During a pandemic, the cyber security of health care facilities can be a public health issue.
That’s why experts from Finland’s tight-knit hacking community led by Taneli Kaivola have stepped up to provide crucial infosec and risk management to medical providers fighting COVID-19 throughout the country. And Antti Laatikainen, Senior Security Consultant at F-Secure, has joined the ranks of KyberVPK — the Community Cyber Response Force.
Always a way to profit
As the novel Coronavirus spread around the globe, criminals noticed.
Phishers and other attackers adapted as the virus spread to exploit the public’s growing fear around the crisis. But it was the assault in the systems of hospitals and other health care institutions working to fight the novel Coronavirus that convinced Antti and many other infosec pros join this effort.
“Though the threat actors haven’t been identified, there’s a clear indication that that at least some of these attacks are intentional,” Antti said. “Someone will always find a way to profit off any situation.”
The thought of exploiting the greatest public health emergency of the century is unconceivable to Antti.
“As a person working in this field and a human being, it’s hard to imagine the logic behind that.”
Unfortunately, wherever there’s an opportunity—no matter how bleak times may get—some criminals will purposely seek to exploit it.
Row the boat and fix it at the same time
The risk management skills that Antti helps companies apply in normal times can take on new significance when fighting a pandemic.
“Some human errors are inevitable when people are in panic mode,” he said. “People may start shortcutting things. They open internal services to the internet, implement fixes and solutions to support remote working without proper planning and remove existing security controls in order to make working faster and easier. This can leave an opening for opportunistic criminals to exploit.”
Even on their best days, hospitals—like many large public-facing institutions—can struggle when it comes to cyber security, which is why they have become a common target for ransomware attacks over the last few years.
This is true for a variety of reasons, Antti noted. Limitations on resources challenge many institutions. And the massive range of departments and medical services being provided on a single campus can make it difficult to secure the digital systems that have become an essential to providing care.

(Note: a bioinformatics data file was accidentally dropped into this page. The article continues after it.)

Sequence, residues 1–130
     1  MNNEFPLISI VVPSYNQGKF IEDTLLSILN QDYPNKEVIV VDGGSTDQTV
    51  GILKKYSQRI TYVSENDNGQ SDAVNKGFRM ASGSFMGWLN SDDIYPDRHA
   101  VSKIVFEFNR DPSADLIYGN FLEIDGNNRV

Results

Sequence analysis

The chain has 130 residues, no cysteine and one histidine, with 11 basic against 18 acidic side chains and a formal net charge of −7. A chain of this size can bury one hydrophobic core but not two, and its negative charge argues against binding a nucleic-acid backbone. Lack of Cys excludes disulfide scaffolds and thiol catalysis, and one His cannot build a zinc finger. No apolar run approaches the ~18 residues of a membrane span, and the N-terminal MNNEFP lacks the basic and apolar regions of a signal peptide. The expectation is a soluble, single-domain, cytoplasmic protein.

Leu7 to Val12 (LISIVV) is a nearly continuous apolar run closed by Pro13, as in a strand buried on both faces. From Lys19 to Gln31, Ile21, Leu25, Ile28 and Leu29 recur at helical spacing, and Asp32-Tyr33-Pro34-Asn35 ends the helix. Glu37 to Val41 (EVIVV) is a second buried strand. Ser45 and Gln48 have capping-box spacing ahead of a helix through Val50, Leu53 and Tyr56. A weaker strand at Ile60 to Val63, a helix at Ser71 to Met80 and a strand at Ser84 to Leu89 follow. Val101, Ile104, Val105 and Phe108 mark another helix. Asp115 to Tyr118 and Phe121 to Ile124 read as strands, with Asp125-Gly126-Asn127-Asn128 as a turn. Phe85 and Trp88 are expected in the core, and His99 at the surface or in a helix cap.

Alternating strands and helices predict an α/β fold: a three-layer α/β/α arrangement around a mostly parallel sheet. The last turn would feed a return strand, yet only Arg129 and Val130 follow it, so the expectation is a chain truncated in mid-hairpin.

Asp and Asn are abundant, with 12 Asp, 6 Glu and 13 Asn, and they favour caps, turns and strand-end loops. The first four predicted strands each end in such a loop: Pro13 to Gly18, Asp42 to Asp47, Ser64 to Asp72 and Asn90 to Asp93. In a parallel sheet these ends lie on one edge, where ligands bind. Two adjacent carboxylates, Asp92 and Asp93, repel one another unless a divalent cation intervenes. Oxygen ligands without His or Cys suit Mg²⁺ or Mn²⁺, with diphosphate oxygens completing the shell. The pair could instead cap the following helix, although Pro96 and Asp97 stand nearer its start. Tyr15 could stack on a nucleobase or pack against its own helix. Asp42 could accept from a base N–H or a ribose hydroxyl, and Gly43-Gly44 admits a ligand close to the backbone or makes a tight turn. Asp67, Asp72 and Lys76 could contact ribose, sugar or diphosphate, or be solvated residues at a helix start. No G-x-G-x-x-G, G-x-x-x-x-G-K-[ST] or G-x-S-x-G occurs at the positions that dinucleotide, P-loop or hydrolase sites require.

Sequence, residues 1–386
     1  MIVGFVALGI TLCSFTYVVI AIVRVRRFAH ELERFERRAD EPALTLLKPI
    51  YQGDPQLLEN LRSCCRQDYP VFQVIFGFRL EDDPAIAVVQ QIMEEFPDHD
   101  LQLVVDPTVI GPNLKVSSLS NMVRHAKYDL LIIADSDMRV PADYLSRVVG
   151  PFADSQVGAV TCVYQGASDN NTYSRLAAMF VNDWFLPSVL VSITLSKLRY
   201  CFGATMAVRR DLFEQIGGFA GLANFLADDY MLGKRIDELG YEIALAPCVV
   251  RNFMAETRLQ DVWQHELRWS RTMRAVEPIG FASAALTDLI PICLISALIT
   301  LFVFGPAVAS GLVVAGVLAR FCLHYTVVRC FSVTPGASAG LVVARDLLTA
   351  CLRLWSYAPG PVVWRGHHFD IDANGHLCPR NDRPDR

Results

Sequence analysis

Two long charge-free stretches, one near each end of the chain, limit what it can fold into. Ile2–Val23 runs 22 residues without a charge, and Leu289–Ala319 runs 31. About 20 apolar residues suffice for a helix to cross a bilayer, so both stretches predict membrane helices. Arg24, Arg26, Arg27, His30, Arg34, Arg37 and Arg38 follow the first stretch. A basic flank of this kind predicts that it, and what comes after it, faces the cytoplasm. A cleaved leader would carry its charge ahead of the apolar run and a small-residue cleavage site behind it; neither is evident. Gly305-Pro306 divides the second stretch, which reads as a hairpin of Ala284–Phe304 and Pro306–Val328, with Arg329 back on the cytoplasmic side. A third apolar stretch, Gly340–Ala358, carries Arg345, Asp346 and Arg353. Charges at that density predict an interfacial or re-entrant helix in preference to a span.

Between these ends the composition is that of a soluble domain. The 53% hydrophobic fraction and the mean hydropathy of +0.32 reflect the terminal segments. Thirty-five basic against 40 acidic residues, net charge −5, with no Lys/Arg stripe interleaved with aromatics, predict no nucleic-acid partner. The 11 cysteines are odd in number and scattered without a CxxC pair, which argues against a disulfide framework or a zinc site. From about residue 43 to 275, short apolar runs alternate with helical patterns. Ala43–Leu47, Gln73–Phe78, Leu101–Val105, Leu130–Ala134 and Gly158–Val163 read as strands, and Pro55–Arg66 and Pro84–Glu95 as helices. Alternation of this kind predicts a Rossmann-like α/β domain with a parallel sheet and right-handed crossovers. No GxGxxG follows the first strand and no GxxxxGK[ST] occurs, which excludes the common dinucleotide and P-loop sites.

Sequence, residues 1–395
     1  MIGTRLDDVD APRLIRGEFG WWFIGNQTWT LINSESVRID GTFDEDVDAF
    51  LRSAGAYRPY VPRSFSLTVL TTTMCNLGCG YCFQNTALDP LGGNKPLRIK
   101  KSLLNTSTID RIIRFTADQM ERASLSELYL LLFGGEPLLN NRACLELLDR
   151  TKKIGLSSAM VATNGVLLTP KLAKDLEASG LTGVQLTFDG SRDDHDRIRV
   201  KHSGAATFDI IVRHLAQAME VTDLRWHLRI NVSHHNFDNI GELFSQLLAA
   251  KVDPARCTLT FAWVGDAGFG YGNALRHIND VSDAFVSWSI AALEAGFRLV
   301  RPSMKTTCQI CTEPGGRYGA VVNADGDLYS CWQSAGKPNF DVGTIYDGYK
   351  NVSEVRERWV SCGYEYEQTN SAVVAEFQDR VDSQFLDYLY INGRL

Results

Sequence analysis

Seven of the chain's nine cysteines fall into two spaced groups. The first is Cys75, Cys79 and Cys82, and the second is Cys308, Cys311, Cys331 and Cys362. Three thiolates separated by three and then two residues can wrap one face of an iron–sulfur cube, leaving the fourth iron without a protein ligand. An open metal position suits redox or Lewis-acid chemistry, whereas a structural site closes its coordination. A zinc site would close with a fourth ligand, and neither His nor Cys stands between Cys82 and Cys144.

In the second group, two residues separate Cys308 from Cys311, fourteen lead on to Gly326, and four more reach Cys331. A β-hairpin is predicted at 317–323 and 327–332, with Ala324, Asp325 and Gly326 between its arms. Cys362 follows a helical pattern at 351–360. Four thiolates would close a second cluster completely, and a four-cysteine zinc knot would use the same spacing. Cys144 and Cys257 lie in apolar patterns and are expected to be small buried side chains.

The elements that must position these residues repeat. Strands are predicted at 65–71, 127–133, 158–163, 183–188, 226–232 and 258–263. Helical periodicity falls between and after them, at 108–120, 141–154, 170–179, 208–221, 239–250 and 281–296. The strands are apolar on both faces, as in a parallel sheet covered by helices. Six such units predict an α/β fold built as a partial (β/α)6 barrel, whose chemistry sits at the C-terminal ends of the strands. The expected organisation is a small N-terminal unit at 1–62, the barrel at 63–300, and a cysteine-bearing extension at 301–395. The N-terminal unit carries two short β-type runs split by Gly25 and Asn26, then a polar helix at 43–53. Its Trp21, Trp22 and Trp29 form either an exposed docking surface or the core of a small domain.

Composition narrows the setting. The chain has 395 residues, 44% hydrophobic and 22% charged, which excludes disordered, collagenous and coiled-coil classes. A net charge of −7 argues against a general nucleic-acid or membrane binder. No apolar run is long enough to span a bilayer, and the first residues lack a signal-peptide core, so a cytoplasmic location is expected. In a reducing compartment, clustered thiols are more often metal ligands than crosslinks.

“There can be a strong of sense compartmentalization. The staff is very busy and though they know they are dealing with extremely sensitive data, they may not prioritize securing that data because they think, ‘We’re not an IT company.’”
Yet almost every company is an IT company these days—even organizations in the business of saving lives. And a crisis can reveal cyber security issues that must be dealt with quickly, even if there aren’t resources to deal with these issues other life-or-death matters cannot be ignored.
“You have to row the boat and fix it at the same time,” Antti said. “The advice is primarily about protecting these health care providers from attackers. And wherever possible we also help them maintain their operative functionality and suggest longer term improvements in order to prevent them from being breached again in the future.”
This is what hackers do
The unique way these hackers have stepped up could be seen as another example of how Finland’s hard-earned survival instincts are being deployed in a society-wide effort to contain the virus. Whether this sort of effort lasts beyond the pandemic and comes to operate like a sort of volunteer cyber fire department is an open question for now.
“The spirit is strong now,” Antti said. “But it’s easy to volunteer when the town is on fire.”
Antti—who during normal times enjoys working as a security management consultant for a variety of industries—can conceive of a sort of on-call brigade of volunteer security pros continuing after this emergency is over. Perhaps, he speculated, experts could offer help to those who serve their community but can’t afford top consultants.
“This is what hackers do,” he said.